Michigan State University ceased its construction projects and suspended any non-essential MSU research during the duration of Gov. Gretchen Whitmer's "Stay Home, Stay Safe" executive order per an email from MSU President Samuel L. Stanley Jr.
The executive order that Whitmer released today called "Stay Home, Stay Safe" suspends all in-person operations that are not necessary to protect or sustain human life. This order goes into effect at midnight tonight.
Remote learning through finals will continue, employees are still asked to work from home when possible and research not impacted by the order will continue, Stanley said in the email. The actions will remain in place for the duration of the state government's order, which concludes April 13.
While the order does not impact classes, it does affect many MSU employees with jobs that don't allow them to work remotely, who now have to remain home.
MSU will continue to provide resources for students still living on campus, like take-out from dining halls while adhering to social distancing practices.
Eat at state also sent out an update following Whitmer's order, announcing some adjustments to campus dining. This includes the closure of all Sparty's and the 1855 Place Starbucks. Dining halls in each neighborhood will still be open: The Edge at Akers, Brody Square, South Pointe at Case, Thrive at Owen and The Vista at Shaw.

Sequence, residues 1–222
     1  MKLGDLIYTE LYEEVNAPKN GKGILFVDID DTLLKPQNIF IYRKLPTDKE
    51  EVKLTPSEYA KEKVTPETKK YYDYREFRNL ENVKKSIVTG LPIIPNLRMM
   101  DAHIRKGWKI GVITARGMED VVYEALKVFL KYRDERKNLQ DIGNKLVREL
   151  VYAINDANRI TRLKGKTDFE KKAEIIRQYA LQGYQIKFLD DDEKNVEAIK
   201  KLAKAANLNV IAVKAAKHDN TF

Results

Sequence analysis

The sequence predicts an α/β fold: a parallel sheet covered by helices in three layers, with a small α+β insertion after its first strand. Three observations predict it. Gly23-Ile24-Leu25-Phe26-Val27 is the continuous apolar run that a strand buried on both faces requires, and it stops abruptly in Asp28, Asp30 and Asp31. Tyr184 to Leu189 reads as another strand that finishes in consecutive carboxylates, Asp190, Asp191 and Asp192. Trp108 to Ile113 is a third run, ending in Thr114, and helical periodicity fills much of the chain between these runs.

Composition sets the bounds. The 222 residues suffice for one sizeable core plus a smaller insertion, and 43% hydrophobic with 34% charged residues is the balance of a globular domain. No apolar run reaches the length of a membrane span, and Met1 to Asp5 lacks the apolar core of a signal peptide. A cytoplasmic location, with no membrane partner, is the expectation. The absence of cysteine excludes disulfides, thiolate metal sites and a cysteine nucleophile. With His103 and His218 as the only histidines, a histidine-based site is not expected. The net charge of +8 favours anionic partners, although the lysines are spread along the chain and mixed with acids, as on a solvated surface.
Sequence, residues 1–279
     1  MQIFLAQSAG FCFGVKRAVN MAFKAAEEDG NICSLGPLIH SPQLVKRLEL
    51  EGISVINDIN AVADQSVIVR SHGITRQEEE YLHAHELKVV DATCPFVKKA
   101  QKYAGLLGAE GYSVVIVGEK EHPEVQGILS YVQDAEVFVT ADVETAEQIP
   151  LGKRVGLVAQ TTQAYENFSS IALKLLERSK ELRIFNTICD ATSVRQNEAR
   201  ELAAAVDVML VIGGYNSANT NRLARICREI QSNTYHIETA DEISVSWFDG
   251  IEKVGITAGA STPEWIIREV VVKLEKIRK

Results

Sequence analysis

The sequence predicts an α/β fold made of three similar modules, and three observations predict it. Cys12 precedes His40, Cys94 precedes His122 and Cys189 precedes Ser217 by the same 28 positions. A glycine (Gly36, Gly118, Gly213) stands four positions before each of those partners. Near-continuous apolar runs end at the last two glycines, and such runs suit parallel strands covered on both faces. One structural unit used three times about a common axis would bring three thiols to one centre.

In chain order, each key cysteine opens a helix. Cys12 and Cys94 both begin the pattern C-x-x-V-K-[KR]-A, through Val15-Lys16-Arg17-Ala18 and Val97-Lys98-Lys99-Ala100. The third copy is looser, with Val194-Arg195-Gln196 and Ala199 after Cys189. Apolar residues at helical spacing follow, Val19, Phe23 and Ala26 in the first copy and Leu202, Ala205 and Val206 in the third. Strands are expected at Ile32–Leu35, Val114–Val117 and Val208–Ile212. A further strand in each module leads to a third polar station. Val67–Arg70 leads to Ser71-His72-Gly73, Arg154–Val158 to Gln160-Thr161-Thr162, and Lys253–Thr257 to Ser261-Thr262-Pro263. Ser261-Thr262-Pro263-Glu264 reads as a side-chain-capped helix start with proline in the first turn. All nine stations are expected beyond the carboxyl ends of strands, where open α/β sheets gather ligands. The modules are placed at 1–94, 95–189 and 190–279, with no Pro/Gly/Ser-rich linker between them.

"I continue to be impressed by the responsiveness of our units across campus and around the state and the willingness to adapt during this unprecedented and fluid time," Stanley said in the email. "Each of you is instrumental to the daily work happening at our university."
This order was created in hopes to slow the spread of the novel coronavirus and requires all Michiganders to stay within their residences except for specific circumstances.
In Stanley's email earlier today, he clarifies some of the terms of the order to the MSU community.
"The executive order references federal guidelines that specify as critical “colleges and universities for purposes of facilitating distance learning or performing other essential functions, if operating under rules for social distancing.” This means today’s order does not impact our ability to continue offering classes in alternative and virtual settings or our decision to encourage employees who can do so to continue working remotely," Stanley said in the email.